“Canelo looks forward to returning to the ring in September for Mexican Independence Day weekend to represent Mexico and boxing in what will be the sport\’s biggest event of the year,” Golden Boy\’s statement said. “He is ready to continue his remarkable record of fighting at the highest level.”
Loeffler said Golovkin could be ready for a September date with Alvarez. But he said Golovkin must focus first on his upcoming fight.
“Right now, we\’re focused on May 5,” Loeffler said. “If Triple G doesn\’t win May 5, there\’s no talk about a Canelo rematch in the future. If Triple G is successful May 5, then the biggest fight in the sport of boxing is still Triple G and Canelo, and that\’s the fight we would try to make.”
Dr. Michael C. Bell took a confident stance in the ring.
Wearing boxing gloves, Bell, 76, yelled out the combinations being called by his instructor, Rich Mushinsky, while hitting the mitts Mushinsky held up.
“1-2-1-2,” “4-3-4” and so on it went for a three-minute round on Saturday afternoon at Fit 4 Boxing Club in Hampton.
Non-contact boxing at the club is about more than exercise for Bell, a retired ear, nose and throat doctor from Sewickley. It helps alleviate some symptoms of Parkinson\’s disease, a progressive disorder of the nervous system that typically affects people 60 and older.
Traditional boxing has been linked to Parkinson\’s — a traumatic brain injury may increase the risk of developing the disease, according to the Mayo Clinic — but boxing in another form can deliver aid, studies have shown.
“It\’s like it was meant to be,” Bell said.
He participates in Rock Steady Boxing, designed for people with Parkinson\’s, at Fit 4 Boxing Club, which opened two months ago and is the first site in the Pittsburgh area to offer the program.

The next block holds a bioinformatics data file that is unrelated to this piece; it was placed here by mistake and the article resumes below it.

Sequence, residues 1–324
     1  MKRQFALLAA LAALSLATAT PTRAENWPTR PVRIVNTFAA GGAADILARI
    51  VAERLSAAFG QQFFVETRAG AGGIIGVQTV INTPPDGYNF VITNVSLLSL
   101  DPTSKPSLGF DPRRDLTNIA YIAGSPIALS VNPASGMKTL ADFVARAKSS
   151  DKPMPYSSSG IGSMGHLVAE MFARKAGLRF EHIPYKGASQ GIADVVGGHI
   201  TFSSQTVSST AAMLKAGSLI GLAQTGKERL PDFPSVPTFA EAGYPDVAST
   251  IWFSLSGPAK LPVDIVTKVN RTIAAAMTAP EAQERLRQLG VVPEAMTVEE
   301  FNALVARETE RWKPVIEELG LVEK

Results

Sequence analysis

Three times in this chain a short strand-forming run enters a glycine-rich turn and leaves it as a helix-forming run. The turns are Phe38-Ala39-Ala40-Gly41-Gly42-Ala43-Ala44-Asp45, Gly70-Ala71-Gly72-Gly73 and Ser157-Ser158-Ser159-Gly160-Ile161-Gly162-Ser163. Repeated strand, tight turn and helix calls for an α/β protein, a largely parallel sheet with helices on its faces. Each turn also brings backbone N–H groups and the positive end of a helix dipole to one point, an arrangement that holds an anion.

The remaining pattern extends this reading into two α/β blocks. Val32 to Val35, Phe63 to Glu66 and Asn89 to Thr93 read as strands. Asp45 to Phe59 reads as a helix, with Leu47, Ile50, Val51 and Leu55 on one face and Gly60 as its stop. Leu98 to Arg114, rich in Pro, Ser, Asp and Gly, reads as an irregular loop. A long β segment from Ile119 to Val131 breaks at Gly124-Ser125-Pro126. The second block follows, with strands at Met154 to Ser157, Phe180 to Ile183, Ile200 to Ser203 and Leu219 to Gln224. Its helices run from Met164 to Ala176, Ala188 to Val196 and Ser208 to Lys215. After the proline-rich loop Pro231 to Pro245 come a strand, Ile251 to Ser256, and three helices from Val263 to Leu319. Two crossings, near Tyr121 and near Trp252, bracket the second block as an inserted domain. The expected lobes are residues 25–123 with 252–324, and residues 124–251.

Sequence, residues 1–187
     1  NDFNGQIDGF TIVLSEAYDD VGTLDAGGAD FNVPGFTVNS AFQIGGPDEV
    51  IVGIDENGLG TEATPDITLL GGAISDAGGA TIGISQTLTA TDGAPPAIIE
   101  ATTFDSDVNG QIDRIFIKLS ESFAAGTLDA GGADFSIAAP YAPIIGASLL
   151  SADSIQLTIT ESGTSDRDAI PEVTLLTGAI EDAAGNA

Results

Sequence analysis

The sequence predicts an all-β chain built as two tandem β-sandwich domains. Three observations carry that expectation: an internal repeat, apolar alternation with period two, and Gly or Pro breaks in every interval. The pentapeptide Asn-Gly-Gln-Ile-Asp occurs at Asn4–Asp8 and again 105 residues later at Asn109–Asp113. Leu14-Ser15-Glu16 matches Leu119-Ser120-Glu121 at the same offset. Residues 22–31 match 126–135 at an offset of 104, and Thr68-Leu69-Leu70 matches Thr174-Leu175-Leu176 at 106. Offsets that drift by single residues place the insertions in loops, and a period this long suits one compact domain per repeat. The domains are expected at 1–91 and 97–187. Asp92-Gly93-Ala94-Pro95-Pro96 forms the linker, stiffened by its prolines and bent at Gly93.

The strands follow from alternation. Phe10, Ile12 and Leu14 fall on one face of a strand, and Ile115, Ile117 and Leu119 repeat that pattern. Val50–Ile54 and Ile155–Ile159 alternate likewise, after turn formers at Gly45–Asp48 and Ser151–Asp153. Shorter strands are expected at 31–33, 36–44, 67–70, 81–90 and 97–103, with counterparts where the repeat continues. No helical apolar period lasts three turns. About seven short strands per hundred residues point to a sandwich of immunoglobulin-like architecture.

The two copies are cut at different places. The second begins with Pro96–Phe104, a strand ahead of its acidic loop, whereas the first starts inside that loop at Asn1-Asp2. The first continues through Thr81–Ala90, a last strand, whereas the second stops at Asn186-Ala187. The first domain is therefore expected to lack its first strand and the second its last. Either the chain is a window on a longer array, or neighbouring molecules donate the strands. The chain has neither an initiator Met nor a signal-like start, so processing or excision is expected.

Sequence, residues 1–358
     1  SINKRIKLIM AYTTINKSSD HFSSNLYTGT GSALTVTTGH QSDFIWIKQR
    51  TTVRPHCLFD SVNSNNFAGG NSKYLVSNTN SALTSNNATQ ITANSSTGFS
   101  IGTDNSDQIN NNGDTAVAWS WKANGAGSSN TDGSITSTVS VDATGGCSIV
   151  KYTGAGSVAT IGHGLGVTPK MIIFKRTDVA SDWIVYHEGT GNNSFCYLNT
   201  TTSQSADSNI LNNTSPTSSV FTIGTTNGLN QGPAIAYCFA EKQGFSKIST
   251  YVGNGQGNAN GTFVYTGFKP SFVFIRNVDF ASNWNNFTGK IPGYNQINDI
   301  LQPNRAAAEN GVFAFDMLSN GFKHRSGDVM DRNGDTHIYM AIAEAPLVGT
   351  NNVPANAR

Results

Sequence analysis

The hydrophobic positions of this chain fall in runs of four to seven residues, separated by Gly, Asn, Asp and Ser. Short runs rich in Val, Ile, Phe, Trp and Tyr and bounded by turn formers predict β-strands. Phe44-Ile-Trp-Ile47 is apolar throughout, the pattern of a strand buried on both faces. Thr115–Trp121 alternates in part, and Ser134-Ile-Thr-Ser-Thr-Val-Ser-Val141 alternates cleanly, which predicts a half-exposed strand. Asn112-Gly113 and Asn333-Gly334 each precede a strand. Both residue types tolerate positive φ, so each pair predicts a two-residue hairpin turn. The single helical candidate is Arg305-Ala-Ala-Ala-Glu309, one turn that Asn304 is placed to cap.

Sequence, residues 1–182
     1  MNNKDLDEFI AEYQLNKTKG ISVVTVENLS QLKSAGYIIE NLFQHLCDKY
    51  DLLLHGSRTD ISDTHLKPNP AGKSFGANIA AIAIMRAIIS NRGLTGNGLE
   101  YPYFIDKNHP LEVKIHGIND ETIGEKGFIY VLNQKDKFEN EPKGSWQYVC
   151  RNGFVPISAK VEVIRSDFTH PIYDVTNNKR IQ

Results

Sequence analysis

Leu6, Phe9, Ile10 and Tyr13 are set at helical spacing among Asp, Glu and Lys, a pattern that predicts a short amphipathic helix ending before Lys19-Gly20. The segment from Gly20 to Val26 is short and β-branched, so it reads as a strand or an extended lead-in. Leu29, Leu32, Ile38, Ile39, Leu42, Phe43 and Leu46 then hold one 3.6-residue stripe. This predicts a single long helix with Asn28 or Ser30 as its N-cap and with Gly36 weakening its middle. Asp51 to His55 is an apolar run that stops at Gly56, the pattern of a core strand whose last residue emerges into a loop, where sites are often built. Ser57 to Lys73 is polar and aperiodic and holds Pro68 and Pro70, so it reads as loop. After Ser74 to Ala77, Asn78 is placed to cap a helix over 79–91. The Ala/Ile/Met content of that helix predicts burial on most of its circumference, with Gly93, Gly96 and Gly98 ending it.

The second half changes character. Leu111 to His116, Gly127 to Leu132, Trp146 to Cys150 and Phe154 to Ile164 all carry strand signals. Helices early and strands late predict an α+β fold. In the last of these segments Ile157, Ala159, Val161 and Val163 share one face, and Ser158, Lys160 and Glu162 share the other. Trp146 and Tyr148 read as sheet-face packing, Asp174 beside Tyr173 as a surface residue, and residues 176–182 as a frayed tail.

It includes hitting mitts and speed bags, jumping rope, calisthenics and intense exercises.
“It\’s boxing without getting hit, basically,” said Fit 4 Boxing Club owner Mushinsky, a former amateur boxer.
Rock Steady Boxing Inc. was founded in Indiana in 2006 by a former Marion County prosecutor, Scott C. Newman, with Parkinson\’s. Newman developed the program with former boxer Kristy Follmar, program director for the Indianapolis-based nonprofit.
There are 35 affiliates, including Fit 4 Boxing Club, in 13 states, Italy and Australia.
Parkinson\’s affects about one in 300 people, according to the Parkinson Foundation of Western Pennsylvania.
Indianapolis-based Rock Steady Boxing is a research partner with the University of Indianapolis\’ Krannert School of Physical Therapy. A recent study by the school found that people with Parkinson\’s who did boxing exercises maintained better physical abilities and a higher quality of life than those who did other types of exercise.
“You go beyond the point where it\’s just a normal workout,” Mushinsky said.
Bell, who is certified as a Rock Steady trainer, said the program helps him with tremors, fatigue, balance problems and muscle spasms.
He takes an hour-long class with Mushinsky two or three times a week and does the program at home.
The Parkinson Foundation has referred clients to the local Rock Steady program, said Barbara Farrell, executive director.
Maintaining mobility helps slow the progression of Parkinson\’s, but there are a lot of exercise options. Some patients might find boxing is not the right fit for them, Farrell said.